Unfortunately there are people in our community who will not willingly get vaccinated against Covid. David has young children who cannot get vaccinated, so I understand his anger about people who do have access, but refuse it, putting his children at risk. Last week, I have a friend whose 2-year old was exposed to Covid after her 3-year old playmate caught it from his vaccinated grandfather, who caught it from an anti-vaccer co-worker. Both extended families went into quarantine, despite all adults being vaccinated. I believe that vaccination mandates are going to be necessary. I am relieved that UCD is holding firm on its mandate. I have continued to wear a mask indoors when I’m away from home in public spaces and take other precautions. But I am more than annoyed that only 50% of those eligible in Yolo County are vaccinated. This is a real threat.

Roberta L. Millstein

I completely understand and share his anger. What I disagree with is his throwing his hands up in the air and making it sound like this this is just about people lying in the beds that they made for themselves. As Tia so eloquently shows, those individual decisions have an impact on all of us -- how many people will get sick (perhaps long term), how many will die, and how long will we have to live like this.

Ron O

Regardless of the points made in this article, Tia Will "belongs" on the Davisite (more than the Vanguard), in my opinion. I believe that she is a better-fit overall, on here.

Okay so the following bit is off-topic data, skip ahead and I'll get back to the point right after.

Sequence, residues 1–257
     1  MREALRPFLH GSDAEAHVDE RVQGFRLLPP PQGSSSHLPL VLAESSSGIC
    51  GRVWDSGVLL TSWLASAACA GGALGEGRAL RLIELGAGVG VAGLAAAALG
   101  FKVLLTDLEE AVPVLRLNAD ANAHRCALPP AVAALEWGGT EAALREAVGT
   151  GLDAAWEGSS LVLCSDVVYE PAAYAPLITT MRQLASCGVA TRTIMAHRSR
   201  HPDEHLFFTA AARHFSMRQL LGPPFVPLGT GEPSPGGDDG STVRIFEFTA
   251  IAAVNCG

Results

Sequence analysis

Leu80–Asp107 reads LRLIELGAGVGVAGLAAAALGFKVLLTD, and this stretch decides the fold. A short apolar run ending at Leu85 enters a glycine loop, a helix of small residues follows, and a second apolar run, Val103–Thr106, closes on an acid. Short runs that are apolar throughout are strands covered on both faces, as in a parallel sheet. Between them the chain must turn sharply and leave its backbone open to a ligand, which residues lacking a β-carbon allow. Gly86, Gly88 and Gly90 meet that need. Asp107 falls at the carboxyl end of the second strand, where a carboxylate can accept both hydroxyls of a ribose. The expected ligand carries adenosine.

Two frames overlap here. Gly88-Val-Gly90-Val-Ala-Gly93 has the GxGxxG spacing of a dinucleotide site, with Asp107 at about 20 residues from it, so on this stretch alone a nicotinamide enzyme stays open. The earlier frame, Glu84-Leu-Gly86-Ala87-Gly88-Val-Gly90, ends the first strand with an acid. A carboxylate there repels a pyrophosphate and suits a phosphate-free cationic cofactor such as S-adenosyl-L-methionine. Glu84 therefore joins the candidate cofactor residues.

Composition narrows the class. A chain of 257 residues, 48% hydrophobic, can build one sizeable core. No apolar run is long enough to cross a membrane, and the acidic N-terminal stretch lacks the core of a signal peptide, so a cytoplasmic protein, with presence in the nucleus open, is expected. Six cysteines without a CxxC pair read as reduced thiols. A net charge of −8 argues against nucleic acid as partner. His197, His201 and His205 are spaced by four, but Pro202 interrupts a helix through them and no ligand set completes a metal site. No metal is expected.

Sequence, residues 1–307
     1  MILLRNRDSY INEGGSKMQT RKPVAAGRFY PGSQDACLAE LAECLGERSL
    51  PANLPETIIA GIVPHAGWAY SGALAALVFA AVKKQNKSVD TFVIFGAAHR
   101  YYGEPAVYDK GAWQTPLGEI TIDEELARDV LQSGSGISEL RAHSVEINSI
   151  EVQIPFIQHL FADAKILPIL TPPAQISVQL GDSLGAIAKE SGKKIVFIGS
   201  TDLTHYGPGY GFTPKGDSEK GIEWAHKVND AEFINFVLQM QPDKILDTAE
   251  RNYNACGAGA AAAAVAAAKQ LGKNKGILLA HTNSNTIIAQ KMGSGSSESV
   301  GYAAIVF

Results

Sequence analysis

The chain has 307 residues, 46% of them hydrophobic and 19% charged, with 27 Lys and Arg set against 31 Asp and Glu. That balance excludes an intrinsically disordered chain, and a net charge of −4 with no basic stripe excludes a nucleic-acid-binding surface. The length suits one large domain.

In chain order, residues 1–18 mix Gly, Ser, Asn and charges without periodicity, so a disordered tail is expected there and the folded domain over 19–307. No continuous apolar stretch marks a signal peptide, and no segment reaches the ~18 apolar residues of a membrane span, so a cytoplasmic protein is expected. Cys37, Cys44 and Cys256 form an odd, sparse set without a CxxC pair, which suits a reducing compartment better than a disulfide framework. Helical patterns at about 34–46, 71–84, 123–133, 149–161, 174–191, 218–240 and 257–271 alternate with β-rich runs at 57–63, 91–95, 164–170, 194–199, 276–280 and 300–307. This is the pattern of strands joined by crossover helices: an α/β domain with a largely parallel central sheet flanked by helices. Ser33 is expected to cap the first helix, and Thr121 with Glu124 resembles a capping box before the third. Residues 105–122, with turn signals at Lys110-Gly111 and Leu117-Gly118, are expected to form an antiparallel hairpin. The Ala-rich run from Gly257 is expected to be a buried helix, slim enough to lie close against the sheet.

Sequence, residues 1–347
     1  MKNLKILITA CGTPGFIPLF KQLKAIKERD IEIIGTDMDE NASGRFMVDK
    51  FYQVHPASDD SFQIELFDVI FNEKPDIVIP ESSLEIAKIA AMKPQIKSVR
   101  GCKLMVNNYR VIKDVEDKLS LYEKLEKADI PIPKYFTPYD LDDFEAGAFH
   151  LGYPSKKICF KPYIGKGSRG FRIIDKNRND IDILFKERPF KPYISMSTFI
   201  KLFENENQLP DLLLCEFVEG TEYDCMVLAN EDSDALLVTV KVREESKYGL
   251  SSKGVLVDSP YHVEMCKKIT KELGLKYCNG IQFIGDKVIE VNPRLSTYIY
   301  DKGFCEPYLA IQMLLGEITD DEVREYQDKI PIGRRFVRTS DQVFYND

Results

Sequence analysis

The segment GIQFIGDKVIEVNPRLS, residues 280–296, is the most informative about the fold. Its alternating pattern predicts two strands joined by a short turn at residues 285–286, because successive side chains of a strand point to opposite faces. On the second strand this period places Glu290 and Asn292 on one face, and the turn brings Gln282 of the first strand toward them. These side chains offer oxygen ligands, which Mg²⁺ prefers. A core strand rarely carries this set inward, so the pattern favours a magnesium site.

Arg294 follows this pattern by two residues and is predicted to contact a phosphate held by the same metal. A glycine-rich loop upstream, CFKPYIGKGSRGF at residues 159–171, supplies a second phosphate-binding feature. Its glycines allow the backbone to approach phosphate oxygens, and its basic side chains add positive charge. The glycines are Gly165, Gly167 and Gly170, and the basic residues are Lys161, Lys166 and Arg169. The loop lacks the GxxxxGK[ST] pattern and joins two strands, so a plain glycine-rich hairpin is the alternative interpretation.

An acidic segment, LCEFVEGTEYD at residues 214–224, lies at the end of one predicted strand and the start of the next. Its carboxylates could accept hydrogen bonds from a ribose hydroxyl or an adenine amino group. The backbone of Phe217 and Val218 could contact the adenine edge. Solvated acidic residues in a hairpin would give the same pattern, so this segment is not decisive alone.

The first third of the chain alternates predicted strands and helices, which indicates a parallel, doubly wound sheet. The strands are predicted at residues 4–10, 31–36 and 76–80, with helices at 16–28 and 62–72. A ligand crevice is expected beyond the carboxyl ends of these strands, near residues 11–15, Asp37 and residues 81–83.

Janet Krovoza

I see where David is coming from, especially in light of his commentary this morning. My main objection to David's original statement was the implication that the unvaccinated are only harming themselves. As Tia points out, "we will all pay the price" when people who can be vaccinated, refuse. It is increasingly urgent that our government -- be it state or federal -- take the Macron approach and insist on vaccinations for anyone wishing to participate in public life: go to work or school, eat in restaurants, take public transportation, go to movies or concerts or sporting events, or enter businesses. If someone chooses not to be vaccinated, they will have to deal with the consequences of a curtailed lifestyle. It's not fair to those who cannot be vaccinated, e.g., children, or who are vulnerable due to suppressed immune systems, for roughly half the population to simply prefer not to be immunized.

Rachel W

Thank you, thank you, thank you. My husband and I have been shaking our heads and spewing expletives trying to figure out why people are so quick to do away with the masks. It's not that hard, it really isn't...

Too many kids don't have and CAN'T have the vaccine yet!